Hey Bert, I awoke this morning feeling an incredible amount of anger. Inappropriately directed, I'm sure. Immediately recalled hiking along a country road north of Cassie's place. Middle of nowhere country. Late September, beautiful, warm, sunny fall day. Whole forest canopy crimson and gold, contrasting with the green of the conifers. Suddenly I'm struck by the amount of litter in the ditches, both sides of the road. All seems bloody obsessive in retrospect. But I'll tell you anyway.
I paced out a two kilometre stretch, counting everything I found. Spent at least an hour. Twelve cars passed me. So, today I awake with that itemized list in my head. Sixty-three pieces of detritus. Three whisky bottles, empty of course. Six beer bottles or cans. Thirty-five Tim Hortons coffee cups, some fresh, some weathered. Nineteen McDonalds drink cups or coffee cups. Tim beats Mickey D almost two to one. But what appals me, the third place finisher, water bottles. Then a variety of Coke and Pepsi bottles and cans, almost five to one Pepsi over Coke. If I had internet time available I'd probably check comparative sales figures. I'm not alarmed to remember these details but I'm incensed about water bottles.
Remember meetings we went to in the seventies? Ice water in pitchers and glasses at strategic spots along the table. A few brought their own bottled water. We regarded them as left-wingers or out and out nutsies. How ironic water bottles should become such a pollutant.
Next I decided to produce a litter index. You know, fifteen point seven five litter items per kilometre or something like that. Could then define acceptable limits. I had to stop there and take a shower so I'd be on time for my appointment with my psychiatrist.
Combination of things upset me. We saw litter along roadsides in Kosova. But there was neither infrastructure nor municipal services at the time. Very frustrating. But, you know, as services became available and personal pride was restored, littering diminished rapidly. Best to you, Tom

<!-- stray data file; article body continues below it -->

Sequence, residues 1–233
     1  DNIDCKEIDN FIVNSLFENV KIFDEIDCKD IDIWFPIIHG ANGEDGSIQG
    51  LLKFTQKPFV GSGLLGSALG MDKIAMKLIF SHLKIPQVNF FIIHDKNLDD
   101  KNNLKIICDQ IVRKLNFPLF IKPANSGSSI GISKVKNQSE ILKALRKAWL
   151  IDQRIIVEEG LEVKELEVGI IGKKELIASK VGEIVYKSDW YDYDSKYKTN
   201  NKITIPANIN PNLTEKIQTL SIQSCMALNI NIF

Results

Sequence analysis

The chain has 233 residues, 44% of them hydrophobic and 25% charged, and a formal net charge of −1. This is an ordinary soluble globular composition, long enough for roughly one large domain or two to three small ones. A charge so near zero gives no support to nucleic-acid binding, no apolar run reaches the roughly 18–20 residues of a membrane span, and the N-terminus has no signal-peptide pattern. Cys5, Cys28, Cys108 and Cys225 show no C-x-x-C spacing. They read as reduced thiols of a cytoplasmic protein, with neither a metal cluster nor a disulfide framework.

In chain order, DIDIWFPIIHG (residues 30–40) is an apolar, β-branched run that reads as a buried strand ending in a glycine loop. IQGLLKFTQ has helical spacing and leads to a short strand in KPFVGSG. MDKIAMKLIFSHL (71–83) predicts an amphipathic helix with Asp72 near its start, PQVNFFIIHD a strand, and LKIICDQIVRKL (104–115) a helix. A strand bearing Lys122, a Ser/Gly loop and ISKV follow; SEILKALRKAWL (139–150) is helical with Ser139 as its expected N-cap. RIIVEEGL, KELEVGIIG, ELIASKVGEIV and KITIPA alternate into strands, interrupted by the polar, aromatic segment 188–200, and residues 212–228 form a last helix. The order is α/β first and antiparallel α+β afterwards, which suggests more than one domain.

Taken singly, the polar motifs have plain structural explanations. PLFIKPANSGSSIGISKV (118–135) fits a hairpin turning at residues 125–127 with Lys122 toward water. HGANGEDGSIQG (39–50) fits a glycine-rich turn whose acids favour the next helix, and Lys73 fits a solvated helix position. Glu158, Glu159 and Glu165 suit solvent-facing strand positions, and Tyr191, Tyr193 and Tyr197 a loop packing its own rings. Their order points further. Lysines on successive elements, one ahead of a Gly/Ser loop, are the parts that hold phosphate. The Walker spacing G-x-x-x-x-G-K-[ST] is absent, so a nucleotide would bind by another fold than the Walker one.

More About Me
I was born in Toronto in 1946, the first of three children of two World War II veterans, both my father and mother having served overseas in the Royal Canadian Air Force, the RCAF. My parents had the wisdom to relocate to Parry Sound, Ontario where I was subsequently raised and where I completed my elementary and secondary school education.
I completed my undergraduate and graduate work in science and microbiology at the University of Toronto before being employed by the Ontario Government in the Public Health Laboratory Service as a scientist in their Toronto laboratory and then director of their laboratories in Timmins and Peterborough, Ontario until retirement.
My science background informs my writing. I published more than three dozen papers in peer reviewed scientific journals. My true interest is fiction, although I found it hard to break the "just the facts, ma'am" scientific approach. In truth, who could resist such a hot topic as Rapid biochemical test to identify verocytotoxin-positive strains of Escherichia coli serotype O157.
My father was a photographer with a photo studio in Parry Sound. But his start was in the newspaper business, first at the Peterborough Examiner after his RCAF service was over. After he established himself as a photographer, he would often work part-time for theToronto Star, Sudbury Star and Orillia Packet & Times.
My mother and father ran the photography business until they decided to close it. Then my father was editor of the Parry Sound North Star, the local twice weekly newspaper. Although I did not know my grandfather, he was long-time editor of The Canadian Florist magazine until his death in 1943.
My first publishing project was putting together a series of my father's photographs in Reflections of a Special Lens. Most of the pictures came from a Kodak photo paper box marked "Book" discovered after his death in 2003. It was such a pleasure for me to do this that I also republished his World War II memoir, Bomber Crew. After that, I started on my own stories.
Facebook and Me
I'm a Rebel
Then uneasy detente
My reluctance to posting reduced
Adapted well, included many new friends and old
Renewed contacts, shaped connections, explored, searched, updated, enjoyed until they cut me off
Denied permission for friend requests for seven days.
Charged, convicted, sentenced by Facebook without a hearing.
Defiant of community rules – too many friends deemed secondary, not known to me,
Though my solicitations accepted without expressions of regret.
Me, a rebel, I suppose,
Choosing to friend.
J. Stephen Thompson's Blog
Writer, Author, Storyteller